'm having some trouble with email on a dedicated server, with Windows Server 2008. I've reached the conclusion I have to setup reverse dns for the mail server.

The current setup is this:

The mail server is an exchange server rented from a 3rd party company, and is set as MX record in our dns server. The dns server is hosted on a different machine, a dedicated server (Windows Server 2008) under my control.

The question is who needs to set the reverse dns:

  1. The company that hosts the email server
  2. Me, that controls the dns zone for the domain
  3. The company that hosts our name server

I've never really understood who has the authority to set the reverse dns zones.


Responsibility for reverse DNS falls to the entity that assigned the address. If you got an address or addresses from your ISP or hosting provider, they should be responsible for giving it a reverse value.

If you got a block of addresses and provisioned the nameserver for the address block to you, then you are responsible for reverse DNS. However it is unlikely that you have been provisioned as the DNS provider for the block without knowing what you were in for.

  • in this case the email server is rented from another company then our dedicated server where we have the name server. Does this mean I have to tell the company we've rented the email server to add this dns record? Does it matter what they put in it or it just has to exist? I'm wondering if they need to set it as mail.ourdomain.com or not. – Tudor Carean May 2 '11 at 19:05
  • Yes, you will need to talk to whoever OWNS the address the mail server uses. If this is a large company they might own the IP block, if they just provide a couple servers they might have gotten the addresses from and ISP and the change will need to be made there. Usually what mail systems want to see is that the reverse and forward lookups are the same. If your mail server identifies itself as mail.x.tld, and mail.x.tdl resolves to your ip, that IP also needs to resolve to mail.x.tdl in reverse. It's not a hard rule, but sometimes used by spam filters to establish credibility. – Caleb May 2 '11 at 19:10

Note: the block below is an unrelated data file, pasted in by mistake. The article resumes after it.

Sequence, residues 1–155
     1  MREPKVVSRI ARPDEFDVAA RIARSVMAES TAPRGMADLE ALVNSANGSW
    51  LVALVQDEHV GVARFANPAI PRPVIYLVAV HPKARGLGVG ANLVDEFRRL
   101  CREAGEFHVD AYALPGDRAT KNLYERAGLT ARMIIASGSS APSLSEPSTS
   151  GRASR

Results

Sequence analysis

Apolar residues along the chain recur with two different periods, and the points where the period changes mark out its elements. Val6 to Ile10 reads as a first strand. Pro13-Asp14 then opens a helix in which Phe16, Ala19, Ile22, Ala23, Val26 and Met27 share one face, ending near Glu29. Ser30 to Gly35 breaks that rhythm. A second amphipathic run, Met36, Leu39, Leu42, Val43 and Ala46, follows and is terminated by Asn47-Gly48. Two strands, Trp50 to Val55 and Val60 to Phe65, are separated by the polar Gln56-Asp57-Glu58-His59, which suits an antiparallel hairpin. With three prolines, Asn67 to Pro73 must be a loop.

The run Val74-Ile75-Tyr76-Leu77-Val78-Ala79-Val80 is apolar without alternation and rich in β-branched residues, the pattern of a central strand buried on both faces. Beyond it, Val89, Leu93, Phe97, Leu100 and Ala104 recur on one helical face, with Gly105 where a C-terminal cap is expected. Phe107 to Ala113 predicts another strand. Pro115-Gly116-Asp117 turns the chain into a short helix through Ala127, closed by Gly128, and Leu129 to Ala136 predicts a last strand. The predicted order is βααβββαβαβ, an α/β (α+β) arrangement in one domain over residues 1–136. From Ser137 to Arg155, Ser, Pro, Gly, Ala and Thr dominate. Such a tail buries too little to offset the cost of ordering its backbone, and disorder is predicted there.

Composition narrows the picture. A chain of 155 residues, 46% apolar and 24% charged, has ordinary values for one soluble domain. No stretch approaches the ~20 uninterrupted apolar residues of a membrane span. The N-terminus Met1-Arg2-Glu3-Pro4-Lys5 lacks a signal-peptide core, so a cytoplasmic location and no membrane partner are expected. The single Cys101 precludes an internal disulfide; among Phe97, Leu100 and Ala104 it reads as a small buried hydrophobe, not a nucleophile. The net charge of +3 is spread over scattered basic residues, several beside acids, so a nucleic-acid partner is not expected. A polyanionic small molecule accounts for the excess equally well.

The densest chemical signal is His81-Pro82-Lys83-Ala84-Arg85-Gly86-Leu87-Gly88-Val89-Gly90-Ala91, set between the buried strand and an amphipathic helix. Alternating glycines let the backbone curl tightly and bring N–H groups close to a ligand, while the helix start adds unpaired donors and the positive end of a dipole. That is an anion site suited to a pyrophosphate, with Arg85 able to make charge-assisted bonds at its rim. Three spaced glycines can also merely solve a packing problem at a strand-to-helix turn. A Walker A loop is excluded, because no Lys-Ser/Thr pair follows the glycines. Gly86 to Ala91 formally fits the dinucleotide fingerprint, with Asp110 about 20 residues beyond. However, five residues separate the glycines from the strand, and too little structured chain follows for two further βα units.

The entity (netblock owner) that has authority for the reverse lookup zone (and therefore the PTR record in that zone) is the entity that owns the ip address, which is probably the ISP or entity that you're getting the routable ip address for the mail server from.

In addition, think of a reverse lookup zone as you would any other zone. Who "owns" (has authority for) the zone? That's who you need to go to to have records set up in that zone.

  • the general rule of thumb is the company that hosts the email server – anthonysomerset May 2 '11 at 15:33
  • @anthonysomerset: The email host may not be the netblock owner. I work at an email hosting company, but we don't own our ip addresses. we get those from our ISP and they have authority for the reverse lookup zone. When we need to create a PTR record we contact them to create it for us. – joeqwerty May 2 '11 at 15:37

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